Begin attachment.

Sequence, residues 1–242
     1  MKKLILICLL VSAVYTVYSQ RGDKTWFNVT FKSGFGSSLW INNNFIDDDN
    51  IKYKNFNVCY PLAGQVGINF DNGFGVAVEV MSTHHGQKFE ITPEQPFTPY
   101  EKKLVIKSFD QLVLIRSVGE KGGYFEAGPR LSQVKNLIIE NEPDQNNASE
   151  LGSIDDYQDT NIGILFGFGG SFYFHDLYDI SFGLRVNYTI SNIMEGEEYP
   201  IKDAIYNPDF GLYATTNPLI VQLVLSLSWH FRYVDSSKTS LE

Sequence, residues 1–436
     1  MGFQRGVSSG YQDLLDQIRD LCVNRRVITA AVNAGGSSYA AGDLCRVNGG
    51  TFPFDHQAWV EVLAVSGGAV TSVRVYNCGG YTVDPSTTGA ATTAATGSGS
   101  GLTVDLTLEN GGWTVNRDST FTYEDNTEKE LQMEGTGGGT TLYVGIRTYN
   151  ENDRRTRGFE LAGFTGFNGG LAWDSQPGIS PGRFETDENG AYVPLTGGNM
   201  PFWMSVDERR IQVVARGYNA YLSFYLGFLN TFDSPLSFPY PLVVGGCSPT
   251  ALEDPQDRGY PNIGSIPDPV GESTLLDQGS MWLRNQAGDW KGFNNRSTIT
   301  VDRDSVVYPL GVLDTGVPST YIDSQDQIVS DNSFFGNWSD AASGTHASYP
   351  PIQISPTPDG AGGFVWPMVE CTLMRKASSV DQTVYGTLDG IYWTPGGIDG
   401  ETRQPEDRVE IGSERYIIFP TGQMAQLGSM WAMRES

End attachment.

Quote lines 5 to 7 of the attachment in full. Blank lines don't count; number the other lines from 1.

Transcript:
   151  LGSIDDYQDT NIGILFGFGG SFYFHDLYDI SFGLRVNYTI SNIMEGEEYP
   201  IKDAIYNPDF GLYATTNPLI VQLVLSLSWH FRYVDSSKTS LE

Sequence, residues 1–436